Long Term Deals, Short Term Memories

I question the reasonability of Peter Gammons’ take on the feelings behind Nomar’s bitterness, particularly this nugget:

To partly understand his stance on his contract — before one says, “if he so loved Boston, why did he turn down $60M for four years?” — remember that he played under value with the creative contract Dan Duquette signed him to, while A-Rod, Derek Jeter, Ramirez and others went to salary levels that he will never see because of market correction.

Hmm. So Nomar’s bitter because he got overpaid early in his career, then missed a salary inflation period that was beyond absurd, and for that he holds the Sox accountable because they continued to offer him more money per annum than even Miguel Tejada, a younger and healthier player, got this past offseason. I don’t see how this rationalizes Nomar’s bitterness, in any way. Nomar and Tellem signed the 6 year deal with Duquette in a mutual decision. Players who sign long-term deals early in their career are risking missing the top of the market in order to lock in a deal; it was done with the Indians a while ago, the Rangers did it with Blalock and Teixeira, I believe, and it’s a mutually beneficial situation, for the most part. Neither his earlier contract nor his missing the big paydays of Jeter and A-Rod because he was already locked in justify any amount of bitterness on Nomar’s part. This take by Gammons, if it accurately reflects Nomar’s feelings, is another indication of why it is very hard to take sides when players and management get in sorry tiffs. Neither side is ever able to sublimate their greed or ego, and the fans have to bear the brunt of their mania.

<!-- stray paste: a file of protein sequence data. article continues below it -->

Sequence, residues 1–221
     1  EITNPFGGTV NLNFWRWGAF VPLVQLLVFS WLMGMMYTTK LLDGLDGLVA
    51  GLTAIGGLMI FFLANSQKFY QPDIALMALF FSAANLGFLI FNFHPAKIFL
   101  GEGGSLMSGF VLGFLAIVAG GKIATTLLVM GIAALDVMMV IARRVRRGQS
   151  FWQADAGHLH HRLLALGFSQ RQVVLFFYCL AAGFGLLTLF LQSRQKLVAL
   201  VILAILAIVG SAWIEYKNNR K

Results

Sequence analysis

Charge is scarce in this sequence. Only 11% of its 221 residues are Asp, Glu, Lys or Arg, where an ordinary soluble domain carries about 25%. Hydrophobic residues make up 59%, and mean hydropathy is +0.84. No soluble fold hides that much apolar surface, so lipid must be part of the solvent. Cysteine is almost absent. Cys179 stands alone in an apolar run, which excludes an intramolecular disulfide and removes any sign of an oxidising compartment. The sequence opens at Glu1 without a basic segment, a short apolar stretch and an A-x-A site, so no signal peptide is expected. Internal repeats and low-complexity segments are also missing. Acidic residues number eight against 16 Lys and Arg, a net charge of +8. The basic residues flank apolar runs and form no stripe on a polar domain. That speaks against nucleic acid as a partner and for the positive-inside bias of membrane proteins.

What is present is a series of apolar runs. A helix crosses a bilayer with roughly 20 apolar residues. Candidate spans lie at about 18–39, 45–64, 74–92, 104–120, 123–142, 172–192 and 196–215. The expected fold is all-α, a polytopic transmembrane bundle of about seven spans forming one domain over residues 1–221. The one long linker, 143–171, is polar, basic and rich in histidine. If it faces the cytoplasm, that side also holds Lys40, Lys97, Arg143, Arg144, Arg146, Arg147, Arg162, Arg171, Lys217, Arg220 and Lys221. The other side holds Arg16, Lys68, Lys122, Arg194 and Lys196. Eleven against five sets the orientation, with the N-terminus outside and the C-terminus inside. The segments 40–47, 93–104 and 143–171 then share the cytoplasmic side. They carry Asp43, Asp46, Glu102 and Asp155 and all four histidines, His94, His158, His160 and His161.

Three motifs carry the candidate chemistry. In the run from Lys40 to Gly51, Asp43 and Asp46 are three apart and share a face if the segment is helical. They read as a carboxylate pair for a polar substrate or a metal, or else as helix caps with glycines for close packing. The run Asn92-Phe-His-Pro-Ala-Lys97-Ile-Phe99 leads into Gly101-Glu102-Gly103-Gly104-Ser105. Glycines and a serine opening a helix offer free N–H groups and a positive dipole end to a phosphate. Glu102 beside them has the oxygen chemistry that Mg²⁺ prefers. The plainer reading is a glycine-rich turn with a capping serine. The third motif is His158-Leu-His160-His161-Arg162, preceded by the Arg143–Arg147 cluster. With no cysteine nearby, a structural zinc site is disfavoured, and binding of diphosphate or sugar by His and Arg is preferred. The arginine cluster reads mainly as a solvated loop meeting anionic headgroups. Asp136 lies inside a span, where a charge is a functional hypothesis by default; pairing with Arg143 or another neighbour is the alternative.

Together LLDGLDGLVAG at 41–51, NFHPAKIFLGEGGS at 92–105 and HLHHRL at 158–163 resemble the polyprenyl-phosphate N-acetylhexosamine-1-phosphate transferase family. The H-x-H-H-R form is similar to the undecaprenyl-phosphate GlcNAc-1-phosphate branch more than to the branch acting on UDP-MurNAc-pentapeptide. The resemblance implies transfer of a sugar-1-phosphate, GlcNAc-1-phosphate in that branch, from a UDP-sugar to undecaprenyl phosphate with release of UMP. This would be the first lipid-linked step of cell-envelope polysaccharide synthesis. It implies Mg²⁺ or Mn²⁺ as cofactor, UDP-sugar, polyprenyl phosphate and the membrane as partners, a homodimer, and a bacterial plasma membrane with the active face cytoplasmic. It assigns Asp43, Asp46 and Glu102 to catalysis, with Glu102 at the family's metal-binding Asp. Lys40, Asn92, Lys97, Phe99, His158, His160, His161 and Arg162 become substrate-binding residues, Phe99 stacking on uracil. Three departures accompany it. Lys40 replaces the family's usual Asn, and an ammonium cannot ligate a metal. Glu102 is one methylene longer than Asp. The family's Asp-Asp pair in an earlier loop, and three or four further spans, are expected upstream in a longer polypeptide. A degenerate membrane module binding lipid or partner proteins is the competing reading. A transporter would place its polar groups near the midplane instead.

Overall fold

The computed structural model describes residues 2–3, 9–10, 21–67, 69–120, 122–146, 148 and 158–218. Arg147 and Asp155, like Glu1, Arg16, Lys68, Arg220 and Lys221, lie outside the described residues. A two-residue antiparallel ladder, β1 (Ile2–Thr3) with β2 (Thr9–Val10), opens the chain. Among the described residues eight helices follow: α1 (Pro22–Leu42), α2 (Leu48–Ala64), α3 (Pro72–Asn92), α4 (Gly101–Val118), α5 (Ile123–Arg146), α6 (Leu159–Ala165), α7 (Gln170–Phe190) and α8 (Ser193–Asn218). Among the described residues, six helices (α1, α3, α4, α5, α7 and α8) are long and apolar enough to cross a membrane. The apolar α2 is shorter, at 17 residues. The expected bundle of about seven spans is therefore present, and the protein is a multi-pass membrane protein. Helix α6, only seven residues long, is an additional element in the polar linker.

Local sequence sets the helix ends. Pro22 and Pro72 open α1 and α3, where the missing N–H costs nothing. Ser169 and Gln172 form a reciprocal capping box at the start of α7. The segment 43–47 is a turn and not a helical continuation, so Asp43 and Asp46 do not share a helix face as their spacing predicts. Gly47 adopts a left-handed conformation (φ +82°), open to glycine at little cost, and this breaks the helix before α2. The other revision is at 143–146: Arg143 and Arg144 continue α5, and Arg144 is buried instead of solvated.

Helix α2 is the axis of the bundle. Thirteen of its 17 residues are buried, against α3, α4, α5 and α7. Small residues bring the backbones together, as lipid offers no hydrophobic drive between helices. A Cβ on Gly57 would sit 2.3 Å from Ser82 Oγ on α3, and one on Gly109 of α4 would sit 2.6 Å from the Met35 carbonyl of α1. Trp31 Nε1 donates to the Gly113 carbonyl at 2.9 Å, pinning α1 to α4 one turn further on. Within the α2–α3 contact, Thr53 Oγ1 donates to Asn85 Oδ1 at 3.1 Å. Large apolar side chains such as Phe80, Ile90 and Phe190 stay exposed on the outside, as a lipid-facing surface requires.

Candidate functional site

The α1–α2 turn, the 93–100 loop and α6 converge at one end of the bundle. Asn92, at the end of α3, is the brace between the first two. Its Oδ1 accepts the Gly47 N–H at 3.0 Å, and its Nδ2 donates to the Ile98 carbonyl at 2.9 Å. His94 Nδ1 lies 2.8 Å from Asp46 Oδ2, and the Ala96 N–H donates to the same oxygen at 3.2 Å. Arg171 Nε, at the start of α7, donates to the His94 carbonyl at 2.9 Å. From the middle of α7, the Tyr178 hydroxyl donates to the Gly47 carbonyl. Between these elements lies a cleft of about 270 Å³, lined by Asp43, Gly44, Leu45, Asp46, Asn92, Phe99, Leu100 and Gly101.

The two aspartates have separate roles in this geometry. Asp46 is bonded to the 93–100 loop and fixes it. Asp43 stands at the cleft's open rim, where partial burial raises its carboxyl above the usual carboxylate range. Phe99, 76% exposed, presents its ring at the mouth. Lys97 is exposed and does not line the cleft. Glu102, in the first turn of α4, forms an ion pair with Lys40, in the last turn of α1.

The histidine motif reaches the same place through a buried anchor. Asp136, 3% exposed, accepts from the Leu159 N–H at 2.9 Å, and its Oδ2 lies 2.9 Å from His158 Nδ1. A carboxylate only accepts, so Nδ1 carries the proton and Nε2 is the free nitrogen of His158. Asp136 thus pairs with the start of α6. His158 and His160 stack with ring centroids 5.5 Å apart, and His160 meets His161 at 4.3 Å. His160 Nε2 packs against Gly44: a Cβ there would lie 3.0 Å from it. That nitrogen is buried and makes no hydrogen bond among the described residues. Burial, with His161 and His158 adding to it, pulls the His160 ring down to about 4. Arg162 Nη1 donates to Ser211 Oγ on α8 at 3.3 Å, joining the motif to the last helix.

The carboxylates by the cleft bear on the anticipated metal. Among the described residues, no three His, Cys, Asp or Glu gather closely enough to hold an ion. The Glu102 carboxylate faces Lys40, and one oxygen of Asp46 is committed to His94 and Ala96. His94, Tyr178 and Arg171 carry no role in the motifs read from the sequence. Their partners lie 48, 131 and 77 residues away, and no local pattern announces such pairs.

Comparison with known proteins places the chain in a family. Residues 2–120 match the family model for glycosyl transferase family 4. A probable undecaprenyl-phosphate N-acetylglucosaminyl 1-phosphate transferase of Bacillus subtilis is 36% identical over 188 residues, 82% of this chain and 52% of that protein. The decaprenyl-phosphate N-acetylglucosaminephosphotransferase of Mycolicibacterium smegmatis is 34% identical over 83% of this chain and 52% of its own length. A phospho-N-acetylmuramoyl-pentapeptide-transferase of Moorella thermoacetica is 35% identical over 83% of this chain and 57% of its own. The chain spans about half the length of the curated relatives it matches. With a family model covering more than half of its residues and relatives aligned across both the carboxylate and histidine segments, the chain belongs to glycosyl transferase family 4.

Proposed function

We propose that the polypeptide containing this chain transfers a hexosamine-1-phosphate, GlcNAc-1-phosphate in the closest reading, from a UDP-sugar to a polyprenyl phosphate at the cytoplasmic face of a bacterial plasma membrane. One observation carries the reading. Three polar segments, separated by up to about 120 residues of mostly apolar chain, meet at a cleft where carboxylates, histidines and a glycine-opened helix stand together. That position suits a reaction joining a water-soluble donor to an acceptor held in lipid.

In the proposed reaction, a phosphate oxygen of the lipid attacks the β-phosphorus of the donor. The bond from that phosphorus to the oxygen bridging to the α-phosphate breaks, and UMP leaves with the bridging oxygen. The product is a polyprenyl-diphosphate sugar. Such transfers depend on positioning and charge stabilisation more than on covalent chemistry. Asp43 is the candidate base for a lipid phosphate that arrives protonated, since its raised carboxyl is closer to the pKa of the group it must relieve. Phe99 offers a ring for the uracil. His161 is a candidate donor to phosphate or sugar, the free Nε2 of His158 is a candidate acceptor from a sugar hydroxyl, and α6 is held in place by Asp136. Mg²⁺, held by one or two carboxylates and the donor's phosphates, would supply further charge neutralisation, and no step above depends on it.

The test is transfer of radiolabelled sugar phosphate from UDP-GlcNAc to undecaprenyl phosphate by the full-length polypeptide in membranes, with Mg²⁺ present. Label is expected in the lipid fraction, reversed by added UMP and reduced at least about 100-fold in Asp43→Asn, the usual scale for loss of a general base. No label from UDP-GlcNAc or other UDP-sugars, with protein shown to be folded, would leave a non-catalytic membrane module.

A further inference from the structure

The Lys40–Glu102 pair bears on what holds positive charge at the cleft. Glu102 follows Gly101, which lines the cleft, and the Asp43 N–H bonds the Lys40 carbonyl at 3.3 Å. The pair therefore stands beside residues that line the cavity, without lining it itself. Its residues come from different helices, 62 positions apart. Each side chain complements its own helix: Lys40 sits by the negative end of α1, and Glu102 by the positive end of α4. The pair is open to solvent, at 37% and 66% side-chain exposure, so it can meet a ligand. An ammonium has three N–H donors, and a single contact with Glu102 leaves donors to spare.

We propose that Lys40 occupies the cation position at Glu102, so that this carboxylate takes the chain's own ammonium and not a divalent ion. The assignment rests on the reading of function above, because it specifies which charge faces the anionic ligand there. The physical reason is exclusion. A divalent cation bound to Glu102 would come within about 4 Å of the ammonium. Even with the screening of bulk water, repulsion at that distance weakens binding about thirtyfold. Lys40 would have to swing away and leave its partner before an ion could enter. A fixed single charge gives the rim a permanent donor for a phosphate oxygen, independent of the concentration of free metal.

or this one:

Once Mo Vaughn left, Nomar was the No. 1 everyday show in town, a spotlight that he did not want. He enjoyed the roar of the crowd and some of the notoriety, but he could not deal with what he perceived to be the media and club responsibilities that went with it. He’s not Jeter. He’s not Mia Hamm, who accepted the responsibility for an entire sport. He’s Nomar Garciaparra.

OK, Nomar, you don’t want to be Jeter, and be the public face of the franchise? Then you will, in all liklihood, never ever get “Jeter money”. Baseball, as are all sports nowadays (especially nowadays), are part of the entertainment business, and part of a player’s paycheck and worth is based simply on sheer marketability, on being a PR ambassador for both the team and the sport. So if you decide you can’t take, or don’t want, the spotlight, it’s your prerogative, Nomar. I imagine if Julia Roberts refused to go on any press junkets promoting her movies, then her movies would draw less at the box office, and that economics would go to work, reducing Roberts’ relative salary. The same is true with sports. No PR work? Teams discount for that, it’s very simple.

It’s absolutely acceptable to not want to be the ringleader, to not want to be the public face of a franchise. But that decision comes with a price, and just as a team should be expected to pay when a player assumes these responsibilities, so too should a player understand that refusing these responsibilities has an implication.

3 comments… add one
  • this whole thing has been done to freakin’ death, but i’m glad at least one person agrees w/ me that nomar was the asshole in this situation, not the management.

    beth August 9, 2004, 2:05 pm
  • Just to be clear, I don’t think Nomar is solely to blame. I think both management and the player share it. But players are remarkably thin-skinned, and their agents are hardly honest with them, as far as I can tell. I am plenty sick of hearing about this incident, as you say, but when Peter Gammons prints an entire column on why Nomar felt the way he did it’s important to point out the inconistencies and fantasies related to those feelings.

    SF August 9, 2004, 2:11 pm
  • I’m in full agreement with SF here, but would like to point out the flip side of this argument, which is generally skipped over when comparing team salaries. Because NY is a bigger market the players here have a right to more money. So it’s not just that the Yankees have a bigger pot to deal from, it’s that working here is inherently more profitable—ie, the players deserve more for playing here than they do playing elsewhere.

    YF August 9, 2004, 5:24 pm

Leave a Comment

This site uses Akismet to reduce spam. Learn how your comment data is processed.